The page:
The saved parchment

There it was – a piece of torn brown leather rolled in a dilapidated piece of cardboard. When it was unrolled, there were words of explanation that indicated this was a part of Judeo/French history (translated to English for my readers):

“Algiers – Parchment saved from the remains of the Grand Synagogue, during the uprising 9–11 December, 1960.” And below those words was the signature of the finder.  Unrolling the scrolled up leather, the words of the Torah, carefully hand-printed in indelible ink, I felt the need to find out more about the past of this shred of history from those horrendous war-torn years in Algeria.

This sliver of Jewish past had been discovered in the attic of a small seaside house in France and was brought to me by the grand-daughter of the French Red Beret paratrooper. Her mother had discovered it when clearing up after his death and had given it to her daughter who was going to visit Israel. In December 1960, the Red Beret was posted to Algeria when tensions there were being exacerbated by the National Liberation Front after a period of semi-calm. During that week in December 1960, de Gaulle came to Algeria. His visit led to the bubble of resentment and anger that had been on hold to burst and led to a rebellion fired by the Muslim rebels. This eventually ended on December 21 with a high toll of death, injury, damage and devastation of buildings and businesses. The events also made the Jews of Algeria eventually realize that they were indeed no longer welcome there and that they must search for an alternative home. 

So a remaining shred of a Torah scroll can now bring to our hearts a picture of the ancient and main synagogue in the Kasbah of Algiers where Jews and Arabs had lived in harmony for many decades. But the incensed Muslims forgot about this in their determination to make a point about Algerian Independence, and on December 11 they broke into and desecrated the synagogue. A description of the scene from the memories of a member of the community brings to life the picture of the destruction: “They entered the holy place and went on a rampage, tore memorial plaques off the wall, ripped up symbols of our faith, sullied books and Torah scrolls, smashed and emptied the lockers where tallitot, tefillin and prayer books were kept and torched everything.”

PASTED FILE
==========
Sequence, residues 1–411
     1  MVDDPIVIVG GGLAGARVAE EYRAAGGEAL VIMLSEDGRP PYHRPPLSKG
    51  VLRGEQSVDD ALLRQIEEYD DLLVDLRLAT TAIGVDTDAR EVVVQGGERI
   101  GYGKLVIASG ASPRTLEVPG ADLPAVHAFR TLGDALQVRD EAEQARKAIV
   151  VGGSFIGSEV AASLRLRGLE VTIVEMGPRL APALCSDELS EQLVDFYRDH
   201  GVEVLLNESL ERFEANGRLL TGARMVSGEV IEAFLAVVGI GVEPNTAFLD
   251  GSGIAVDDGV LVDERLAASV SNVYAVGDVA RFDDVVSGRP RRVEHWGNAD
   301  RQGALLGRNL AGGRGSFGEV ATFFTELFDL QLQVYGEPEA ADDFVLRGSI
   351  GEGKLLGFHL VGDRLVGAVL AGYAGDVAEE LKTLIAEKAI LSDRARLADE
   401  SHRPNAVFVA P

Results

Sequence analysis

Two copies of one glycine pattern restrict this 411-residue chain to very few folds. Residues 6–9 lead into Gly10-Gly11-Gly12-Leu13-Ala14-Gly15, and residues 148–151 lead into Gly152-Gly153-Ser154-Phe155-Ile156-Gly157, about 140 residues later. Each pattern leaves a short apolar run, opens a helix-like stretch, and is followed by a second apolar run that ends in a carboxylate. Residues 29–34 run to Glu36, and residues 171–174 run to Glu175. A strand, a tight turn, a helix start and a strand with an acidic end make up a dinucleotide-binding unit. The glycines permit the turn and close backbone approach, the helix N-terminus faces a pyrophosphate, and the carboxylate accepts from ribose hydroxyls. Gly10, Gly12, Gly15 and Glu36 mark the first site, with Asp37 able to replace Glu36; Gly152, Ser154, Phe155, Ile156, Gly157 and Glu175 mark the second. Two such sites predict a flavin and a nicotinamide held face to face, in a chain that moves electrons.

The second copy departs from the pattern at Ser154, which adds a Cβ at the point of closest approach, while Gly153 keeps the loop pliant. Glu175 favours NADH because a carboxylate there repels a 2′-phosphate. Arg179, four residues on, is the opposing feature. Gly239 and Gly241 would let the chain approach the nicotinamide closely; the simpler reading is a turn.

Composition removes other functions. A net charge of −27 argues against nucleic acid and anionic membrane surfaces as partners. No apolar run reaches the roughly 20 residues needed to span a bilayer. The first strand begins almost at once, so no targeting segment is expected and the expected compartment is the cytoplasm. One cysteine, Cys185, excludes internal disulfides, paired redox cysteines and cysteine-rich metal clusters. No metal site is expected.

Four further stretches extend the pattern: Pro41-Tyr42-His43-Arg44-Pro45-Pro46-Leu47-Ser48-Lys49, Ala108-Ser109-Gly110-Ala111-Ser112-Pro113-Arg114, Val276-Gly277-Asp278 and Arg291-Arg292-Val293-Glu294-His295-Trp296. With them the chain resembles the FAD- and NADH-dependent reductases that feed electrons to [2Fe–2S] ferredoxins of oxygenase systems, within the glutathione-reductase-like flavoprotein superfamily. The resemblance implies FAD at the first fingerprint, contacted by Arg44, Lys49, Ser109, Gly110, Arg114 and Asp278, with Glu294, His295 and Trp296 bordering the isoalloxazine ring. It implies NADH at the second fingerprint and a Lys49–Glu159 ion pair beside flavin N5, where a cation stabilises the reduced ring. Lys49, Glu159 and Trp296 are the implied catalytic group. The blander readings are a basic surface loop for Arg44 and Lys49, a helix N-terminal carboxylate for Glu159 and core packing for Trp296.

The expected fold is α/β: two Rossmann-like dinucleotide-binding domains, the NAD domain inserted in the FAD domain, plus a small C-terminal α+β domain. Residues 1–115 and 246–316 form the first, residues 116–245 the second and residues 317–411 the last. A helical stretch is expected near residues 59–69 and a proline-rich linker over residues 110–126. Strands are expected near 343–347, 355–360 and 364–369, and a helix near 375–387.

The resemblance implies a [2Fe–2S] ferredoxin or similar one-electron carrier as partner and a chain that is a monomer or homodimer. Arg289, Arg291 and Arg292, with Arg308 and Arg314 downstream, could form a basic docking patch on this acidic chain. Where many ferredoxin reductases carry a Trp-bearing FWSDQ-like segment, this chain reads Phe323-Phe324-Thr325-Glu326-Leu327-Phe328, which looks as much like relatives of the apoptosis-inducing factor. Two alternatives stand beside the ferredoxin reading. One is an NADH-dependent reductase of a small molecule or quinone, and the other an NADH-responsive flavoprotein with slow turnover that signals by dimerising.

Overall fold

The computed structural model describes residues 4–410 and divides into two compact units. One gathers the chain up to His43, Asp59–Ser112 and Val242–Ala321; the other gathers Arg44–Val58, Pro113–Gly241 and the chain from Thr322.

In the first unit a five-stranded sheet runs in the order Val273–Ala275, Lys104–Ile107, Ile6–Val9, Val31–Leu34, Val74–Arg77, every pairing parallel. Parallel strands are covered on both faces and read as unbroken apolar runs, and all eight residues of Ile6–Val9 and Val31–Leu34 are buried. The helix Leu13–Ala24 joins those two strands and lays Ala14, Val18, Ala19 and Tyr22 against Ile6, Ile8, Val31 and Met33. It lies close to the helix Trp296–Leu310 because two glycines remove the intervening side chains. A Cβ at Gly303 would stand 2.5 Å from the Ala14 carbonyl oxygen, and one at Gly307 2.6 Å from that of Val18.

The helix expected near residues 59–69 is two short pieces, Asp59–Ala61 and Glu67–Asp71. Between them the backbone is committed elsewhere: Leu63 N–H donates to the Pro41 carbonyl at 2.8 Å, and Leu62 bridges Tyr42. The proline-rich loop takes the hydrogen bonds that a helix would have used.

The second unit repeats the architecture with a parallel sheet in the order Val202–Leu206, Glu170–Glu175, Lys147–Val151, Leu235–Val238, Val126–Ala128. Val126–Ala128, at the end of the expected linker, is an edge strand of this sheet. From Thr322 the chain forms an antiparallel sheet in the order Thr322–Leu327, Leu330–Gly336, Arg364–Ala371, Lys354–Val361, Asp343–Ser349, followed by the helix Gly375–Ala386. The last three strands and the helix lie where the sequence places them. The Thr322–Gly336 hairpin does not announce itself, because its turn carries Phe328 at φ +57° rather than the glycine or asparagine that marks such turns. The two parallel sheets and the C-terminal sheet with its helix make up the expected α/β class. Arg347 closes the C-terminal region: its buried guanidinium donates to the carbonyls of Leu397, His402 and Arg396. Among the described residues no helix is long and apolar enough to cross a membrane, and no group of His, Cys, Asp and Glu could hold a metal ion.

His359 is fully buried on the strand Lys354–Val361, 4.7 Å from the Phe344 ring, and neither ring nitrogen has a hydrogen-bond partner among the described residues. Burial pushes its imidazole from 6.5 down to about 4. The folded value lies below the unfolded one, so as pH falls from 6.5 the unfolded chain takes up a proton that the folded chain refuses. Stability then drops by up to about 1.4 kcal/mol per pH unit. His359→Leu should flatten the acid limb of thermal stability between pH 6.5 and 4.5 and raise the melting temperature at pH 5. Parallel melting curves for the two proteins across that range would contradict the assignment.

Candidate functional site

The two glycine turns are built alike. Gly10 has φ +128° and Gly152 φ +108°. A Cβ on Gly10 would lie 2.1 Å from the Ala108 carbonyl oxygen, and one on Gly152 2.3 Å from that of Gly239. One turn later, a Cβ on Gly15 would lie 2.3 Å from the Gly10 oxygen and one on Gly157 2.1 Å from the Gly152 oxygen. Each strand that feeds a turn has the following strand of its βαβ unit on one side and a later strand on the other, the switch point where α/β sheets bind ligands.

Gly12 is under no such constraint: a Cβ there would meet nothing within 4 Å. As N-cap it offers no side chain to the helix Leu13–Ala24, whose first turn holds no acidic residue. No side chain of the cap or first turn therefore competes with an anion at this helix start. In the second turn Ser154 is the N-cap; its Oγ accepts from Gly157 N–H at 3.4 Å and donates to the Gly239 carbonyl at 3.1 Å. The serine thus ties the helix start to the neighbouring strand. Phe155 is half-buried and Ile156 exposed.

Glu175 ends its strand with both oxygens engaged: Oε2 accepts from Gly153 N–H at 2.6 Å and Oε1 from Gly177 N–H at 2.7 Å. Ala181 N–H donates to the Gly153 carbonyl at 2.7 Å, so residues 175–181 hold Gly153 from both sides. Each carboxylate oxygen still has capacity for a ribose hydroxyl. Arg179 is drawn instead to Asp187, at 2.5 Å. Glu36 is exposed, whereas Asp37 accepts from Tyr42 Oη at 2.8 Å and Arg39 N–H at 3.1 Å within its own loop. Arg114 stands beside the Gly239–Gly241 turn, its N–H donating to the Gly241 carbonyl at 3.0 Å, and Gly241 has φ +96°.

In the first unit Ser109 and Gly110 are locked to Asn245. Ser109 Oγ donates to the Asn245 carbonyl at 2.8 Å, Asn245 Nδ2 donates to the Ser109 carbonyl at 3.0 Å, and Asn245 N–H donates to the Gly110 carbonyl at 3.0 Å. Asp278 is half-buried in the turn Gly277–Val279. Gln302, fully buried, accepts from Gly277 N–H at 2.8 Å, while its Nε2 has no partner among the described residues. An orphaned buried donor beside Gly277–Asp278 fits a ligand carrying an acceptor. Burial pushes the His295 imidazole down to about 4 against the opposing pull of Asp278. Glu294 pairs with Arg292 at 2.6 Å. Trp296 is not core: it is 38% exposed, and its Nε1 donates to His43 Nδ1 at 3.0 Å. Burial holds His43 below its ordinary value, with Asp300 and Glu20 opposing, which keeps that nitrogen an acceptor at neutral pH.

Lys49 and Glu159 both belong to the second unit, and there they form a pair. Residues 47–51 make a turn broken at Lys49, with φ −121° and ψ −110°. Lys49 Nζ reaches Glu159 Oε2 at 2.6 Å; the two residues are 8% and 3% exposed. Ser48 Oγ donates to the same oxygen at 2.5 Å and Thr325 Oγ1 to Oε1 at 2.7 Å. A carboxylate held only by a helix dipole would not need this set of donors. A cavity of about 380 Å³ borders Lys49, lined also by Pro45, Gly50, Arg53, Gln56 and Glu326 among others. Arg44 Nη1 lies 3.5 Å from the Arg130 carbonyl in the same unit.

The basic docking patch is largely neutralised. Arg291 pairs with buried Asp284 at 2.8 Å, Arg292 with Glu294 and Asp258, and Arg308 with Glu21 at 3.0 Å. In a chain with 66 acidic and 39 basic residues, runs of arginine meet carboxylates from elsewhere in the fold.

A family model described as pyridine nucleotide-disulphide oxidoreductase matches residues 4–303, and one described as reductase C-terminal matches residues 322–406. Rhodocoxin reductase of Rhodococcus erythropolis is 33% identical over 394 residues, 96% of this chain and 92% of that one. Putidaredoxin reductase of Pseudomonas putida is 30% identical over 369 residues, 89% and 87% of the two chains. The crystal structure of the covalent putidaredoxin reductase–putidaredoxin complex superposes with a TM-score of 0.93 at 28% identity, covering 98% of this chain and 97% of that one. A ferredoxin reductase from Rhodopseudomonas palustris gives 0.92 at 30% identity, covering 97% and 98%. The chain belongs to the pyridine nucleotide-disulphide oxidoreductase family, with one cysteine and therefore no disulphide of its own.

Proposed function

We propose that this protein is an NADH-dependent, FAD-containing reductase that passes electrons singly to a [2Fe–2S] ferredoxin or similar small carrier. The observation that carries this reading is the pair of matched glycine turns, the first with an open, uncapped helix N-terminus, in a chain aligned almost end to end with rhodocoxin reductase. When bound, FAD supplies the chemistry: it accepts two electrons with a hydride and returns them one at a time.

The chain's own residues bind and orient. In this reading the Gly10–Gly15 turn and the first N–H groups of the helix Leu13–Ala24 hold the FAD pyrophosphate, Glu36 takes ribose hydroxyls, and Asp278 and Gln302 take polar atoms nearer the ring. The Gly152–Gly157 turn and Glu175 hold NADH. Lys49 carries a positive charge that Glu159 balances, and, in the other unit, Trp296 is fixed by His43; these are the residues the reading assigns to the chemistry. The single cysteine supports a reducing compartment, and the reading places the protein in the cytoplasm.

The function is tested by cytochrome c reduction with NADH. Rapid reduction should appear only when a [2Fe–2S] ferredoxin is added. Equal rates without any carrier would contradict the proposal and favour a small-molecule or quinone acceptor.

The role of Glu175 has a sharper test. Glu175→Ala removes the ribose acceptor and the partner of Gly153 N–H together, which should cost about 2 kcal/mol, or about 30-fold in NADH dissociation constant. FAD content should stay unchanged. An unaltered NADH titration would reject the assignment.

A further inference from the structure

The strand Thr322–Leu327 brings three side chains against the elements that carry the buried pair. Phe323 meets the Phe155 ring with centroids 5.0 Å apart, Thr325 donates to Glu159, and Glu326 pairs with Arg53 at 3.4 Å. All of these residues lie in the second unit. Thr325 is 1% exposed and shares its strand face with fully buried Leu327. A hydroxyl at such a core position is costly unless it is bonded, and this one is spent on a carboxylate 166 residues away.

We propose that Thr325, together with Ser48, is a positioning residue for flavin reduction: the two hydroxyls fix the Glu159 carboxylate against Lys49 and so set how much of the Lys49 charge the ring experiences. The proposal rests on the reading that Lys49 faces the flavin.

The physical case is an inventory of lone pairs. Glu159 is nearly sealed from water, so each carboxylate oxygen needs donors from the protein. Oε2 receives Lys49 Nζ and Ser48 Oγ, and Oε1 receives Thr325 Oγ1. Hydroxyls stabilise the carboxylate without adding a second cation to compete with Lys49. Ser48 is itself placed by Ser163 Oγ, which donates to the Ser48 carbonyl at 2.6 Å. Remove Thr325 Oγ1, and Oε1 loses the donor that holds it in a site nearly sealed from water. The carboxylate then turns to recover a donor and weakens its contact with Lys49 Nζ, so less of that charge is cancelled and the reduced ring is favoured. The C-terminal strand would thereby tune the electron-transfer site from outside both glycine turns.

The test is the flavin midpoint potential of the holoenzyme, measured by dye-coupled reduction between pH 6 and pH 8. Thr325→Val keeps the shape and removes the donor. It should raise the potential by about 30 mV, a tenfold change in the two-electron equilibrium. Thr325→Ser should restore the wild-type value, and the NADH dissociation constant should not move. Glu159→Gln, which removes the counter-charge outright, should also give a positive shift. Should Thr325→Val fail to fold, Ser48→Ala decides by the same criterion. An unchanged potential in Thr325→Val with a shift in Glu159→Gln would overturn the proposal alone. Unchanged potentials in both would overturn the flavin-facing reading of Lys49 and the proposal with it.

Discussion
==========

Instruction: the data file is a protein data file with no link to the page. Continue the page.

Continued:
But then the Red Berets arrived and managed to overcome them and occupy the remains of the synagogue. And this was how a shred of a torn Torah scroll was taken as a memento of the destruction of an ancient and once respected building which is now rebuilt as a mosque. Another sentence from the personal memories that I managed to trace online made me think of how devastating hatred and wars are and how they bring about such a lack of respect and understanding:

“The French Paras occupied the place, camped on the floor of our Temple, ate, drank and, adding insult to injury, they set up a Christmas tree.”

It was then I wished that I had met the Red Beret myself and heard his thoughts about those violent few days in the Kasbah with blood, hatred and killing leaving total devastation. He must however have held some respect in his soul, for he picked up the shred of the Torah scroll and kept it safe during all those years and now finally it has found its home here in Israel.

 

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Comments

Talya Dunleavy
2017-02-07
Barbara, this is so moving. My family came from Algeria and I have heard chilling stories about the events in the early 60s. It gave me the chills reading this account.

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About the author

Barbara Abraham-Vazana

Barbara Abraham was born in Belfast, Northern Ireland. Her studies include: Cours de Civilisation Francais, Sorbonne Paris; Queens University Belfast - B.A; Dundee University - Creative Writing cou...
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